When one of my clients was prey to a home burglary, they had several thousand dollars-worth of computers and cell phones stolen including hundreds of dollars in computer and charging cables alone. Fortunately, we had discussed their insurance coverage needs beforehand, and they were fully covered by their protection plan. You probably don’t think about the total cost of your connected household on a daily basis, but this is just one example of the extra home insurance coverages that should be discussed prior to purchasing homeowners insurance. Another claim saw $15,000 of jewelry stolen from one of our clients, and that homeowner only had $2500 total of jewelry coverage. We discussed additional coverage in her account review, but she declined the additional coverage. She thought her jewelry was secure because she kept it in a safe at home. The thieves walked out with the safe, and she lost $15,000 worth of jewelry. The total for the additional jewelry coverage would have been $120 per year. The total cost of her insurance coverage that year was more than $15,000, and she could have saved most of it by spending an additional $125.
Know Your Options
Many clients are not given any options for additional coverage when purchasing a homeowners insurance policy. Either the agent is not thorough and doesn’t ask enough questions up front to fully understand the client’s needs, or perhaps low policy price is the only consideration of the transaction. Be sure you are considering the difference between the PRICE of insurance and the COST of insurance when choosing your homeowners coverage. A low price may cost you thousands of dollars at claim time.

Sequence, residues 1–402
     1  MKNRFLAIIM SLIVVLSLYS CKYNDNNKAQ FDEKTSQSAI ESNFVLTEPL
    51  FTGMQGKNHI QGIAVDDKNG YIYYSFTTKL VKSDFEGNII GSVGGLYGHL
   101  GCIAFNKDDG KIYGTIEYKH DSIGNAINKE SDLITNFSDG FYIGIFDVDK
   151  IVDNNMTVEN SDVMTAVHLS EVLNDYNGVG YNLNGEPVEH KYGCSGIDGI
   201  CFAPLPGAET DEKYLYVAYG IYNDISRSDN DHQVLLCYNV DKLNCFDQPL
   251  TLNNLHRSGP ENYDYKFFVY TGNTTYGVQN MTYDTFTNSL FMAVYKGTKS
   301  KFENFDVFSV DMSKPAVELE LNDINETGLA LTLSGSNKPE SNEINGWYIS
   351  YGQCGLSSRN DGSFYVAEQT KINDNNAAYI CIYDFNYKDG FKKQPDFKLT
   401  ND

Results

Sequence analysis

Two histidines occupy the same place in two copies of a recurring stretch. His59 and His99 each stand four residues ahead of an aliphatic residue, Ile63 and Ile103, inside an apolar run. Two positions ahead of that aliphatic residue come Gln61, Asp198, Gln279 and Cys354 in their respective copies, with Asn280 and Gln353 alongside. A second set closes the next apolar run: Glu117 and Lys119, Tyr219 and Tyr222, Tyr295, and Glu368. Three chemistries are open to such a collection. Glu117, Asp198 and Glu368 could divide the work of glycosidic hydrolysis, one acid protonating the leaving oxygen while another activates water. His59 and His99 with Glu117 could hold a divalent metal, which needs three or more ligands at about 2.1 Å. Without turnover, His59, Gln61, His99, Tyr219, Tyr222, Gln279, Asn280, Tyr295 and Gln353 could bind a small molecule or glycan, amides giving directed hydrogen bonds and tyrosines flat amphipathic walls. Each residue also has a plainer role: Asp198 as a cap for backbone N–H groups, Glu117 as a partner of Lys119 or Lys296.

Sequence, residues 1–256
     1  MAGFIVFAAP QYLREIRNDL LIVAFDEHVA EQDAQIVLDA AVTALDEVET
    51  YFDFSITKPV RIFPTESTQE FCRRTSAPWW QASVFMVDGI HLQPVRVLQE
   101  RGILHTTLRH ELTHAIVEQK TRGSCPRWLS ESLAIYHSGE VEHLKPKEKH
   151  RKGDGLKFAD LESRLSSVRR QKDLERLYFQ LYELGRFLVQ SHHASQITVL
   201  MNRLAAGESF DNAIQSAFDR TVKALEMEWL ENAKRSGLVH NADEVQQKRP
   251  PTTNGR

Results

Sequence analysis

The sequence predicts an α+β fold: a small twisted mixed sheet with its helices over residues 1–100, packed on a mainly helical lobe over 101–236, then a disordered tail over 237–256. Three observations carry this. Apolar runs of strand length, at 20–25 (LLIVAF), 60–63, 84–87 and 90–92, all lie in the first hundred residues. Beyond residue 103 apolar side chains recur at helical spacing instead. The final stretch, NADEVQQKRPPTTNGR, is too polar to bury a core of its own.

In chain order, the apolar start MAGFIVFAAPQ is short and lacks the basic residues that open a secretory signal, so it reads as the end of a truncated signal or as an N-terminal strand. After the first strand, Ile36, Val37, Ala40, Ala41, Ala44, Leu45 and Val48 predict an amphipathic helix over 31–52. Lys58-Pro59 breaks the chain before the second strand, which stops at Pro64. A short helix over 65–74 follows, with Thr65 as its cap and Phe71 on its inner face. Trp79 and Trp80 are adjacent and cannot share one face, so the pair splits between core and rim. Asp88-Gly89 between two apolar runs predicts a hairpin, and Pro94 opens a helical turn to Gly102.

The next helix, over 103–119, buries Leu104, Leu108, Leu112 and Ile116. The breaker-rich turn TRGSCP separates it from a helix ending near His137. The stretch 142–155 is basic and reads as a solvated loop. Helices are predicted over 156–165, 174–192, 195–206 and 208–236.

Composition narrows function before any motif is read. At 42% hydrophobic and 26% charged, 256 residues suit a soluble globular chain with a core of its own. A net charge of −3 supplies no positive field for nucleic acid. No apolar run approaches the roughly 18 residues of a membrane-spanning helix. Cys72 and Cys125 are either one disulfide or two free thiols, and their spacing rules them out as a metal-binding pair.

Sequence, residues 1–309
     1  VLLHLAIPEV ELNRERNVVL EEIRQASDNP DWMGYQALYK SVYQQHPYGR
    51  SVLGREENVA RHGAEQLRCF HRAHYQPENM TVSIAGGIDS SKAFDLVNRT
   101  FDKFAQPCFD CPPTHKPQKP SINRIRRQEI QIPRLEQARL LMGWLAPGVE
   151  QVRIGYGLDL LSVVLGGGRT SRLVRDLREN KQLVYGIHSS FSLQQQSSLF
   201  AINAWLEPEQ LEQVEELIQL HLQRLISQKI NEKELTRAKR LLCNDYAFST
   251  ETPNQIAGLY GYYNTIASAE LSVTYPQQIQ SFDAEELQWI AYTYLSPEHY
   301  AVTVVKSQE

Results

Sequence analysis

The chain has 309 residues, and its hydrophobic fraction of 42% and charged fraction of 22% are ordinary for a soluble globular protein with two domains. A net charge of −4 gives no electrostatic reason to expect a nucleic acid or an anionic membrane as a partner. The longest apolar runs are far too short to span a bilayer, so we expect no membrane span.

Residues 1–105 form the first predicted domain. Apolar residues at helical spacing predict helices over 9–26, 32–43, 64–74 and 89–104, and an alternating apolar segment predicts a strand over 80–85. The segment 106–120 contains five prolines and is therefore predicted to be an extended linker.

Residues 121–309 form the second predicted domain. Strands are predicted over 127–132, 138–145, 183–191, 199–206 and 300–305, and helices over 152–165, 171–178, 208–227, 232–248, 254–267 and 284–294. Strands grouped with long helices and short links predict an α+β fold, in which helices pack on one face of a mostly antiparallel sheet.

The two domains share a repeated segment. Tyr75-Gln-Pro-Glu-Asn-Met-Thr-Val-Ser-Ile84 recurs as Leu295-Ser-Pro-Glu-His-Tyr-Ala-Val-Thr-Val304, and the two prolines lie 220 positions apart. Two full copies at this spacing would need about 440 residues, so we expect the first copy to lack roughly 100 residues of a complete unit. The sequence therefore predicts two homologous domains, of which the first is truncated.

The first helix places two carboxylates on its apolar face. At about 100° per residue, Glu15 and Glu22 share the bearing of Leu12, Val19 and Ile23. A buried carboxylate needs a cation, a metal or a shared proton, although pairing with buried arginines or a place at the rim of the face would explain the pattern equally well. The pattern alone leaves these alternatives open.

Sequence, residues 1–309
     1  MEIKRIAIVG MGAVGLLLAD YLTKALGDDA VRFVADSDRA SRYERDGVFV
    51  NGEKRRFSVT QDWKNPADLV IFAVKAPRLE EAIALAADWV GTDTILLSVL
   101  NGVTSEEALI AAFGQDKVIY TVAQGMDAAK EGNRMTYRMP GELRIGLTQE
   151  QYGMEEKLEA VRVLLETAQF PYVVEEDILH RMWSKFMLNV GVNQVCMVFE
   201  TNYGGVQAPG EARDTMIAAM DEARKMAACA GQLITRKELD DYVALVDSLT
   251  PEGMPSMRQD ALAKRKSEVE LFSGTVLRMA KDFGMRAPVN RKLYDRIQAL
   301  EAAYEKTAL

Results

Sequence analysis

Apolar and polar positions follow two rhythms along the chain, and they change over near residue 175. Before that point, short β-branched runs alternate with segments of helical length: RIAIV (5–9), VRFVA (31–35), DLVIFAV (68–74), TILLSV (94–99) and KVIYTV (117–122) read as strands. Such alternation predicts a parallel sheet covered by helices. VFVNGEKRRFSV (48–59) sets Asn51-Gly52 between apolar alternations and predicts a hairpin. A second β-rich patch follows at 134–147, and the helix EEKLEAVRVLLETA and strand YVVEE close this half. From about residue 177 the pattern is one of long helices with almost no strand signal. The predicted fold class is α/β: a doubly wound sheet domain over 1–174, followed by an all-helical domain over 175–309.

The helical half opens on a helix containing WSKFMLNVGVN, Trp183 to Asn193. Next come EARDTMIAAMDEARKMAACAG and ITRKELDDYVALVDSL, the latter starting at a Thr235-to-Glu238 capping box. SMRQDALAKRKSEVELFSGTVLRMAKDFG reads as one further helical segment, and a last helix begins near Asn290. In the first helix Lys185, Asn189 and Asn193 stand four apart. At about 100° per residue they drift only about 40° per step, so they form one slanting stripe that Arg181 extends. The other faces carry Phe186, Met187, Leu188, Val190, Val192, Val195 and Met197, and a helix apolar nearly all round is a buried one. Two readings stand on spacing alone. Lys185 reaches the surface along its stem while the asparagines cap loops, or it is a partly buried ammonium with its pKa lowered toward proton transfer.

Internet raters and 1-800 numbers are certainly convenient for getting a quick quote, but they are not always adequate in assessing the unique individual needs of most homeowners. If additional insurance coverages are not discussed upfront, it usually doesn’t come up for discussion because a lot of insurance agents don’t complete periodic account reviews with their clients. And I can’t say this enough—the worst time to discover restrictive personal property sub-limits or any other policy limitations is at claim time.
Named Peril vs. All Risk
Purchasing additional personal property insurance coverage provides homeowners with broader protection advantages and greater peace of mind. You must consider the major differences in a named peril policy and an all risk peril policy for personal property. All risk is an older term describing comprehensive coverage. It means you are protected in the event of any peril or risk unless it is specifically excluded in your policy. Yes there are exclusions, but an all risk policy is much broader than the named peril policy. Named peril means it must be listed on the policy to be covered. You can see how restrictive this coverage could be.
Scheduling items (listing specific items on your policy with their value) is also important for more expensive items. This scheduling allows for mysterious disappearance coverage. Mysterious disappearance refers to loss of an item that you can’t explain or identify the cause of when no evidence of theft exists. I advise my clients if they use items often, they should schedule the items. If an item is not used often, then a safety deposit box might be a better option for protecting it. With firearms, a gun safe that is permanently bolted to a floor or wall in the home is always a great option.
If you own specialty items or think you might need extra coverage for your household, make sure you consult with your agent so that you are not surprised at claim time. I am ok if a homeowner does not want additional coverage as long as they are informed about it. My problem occurs when a client is totally surprised at claim time because they didn’t understand sub-limits.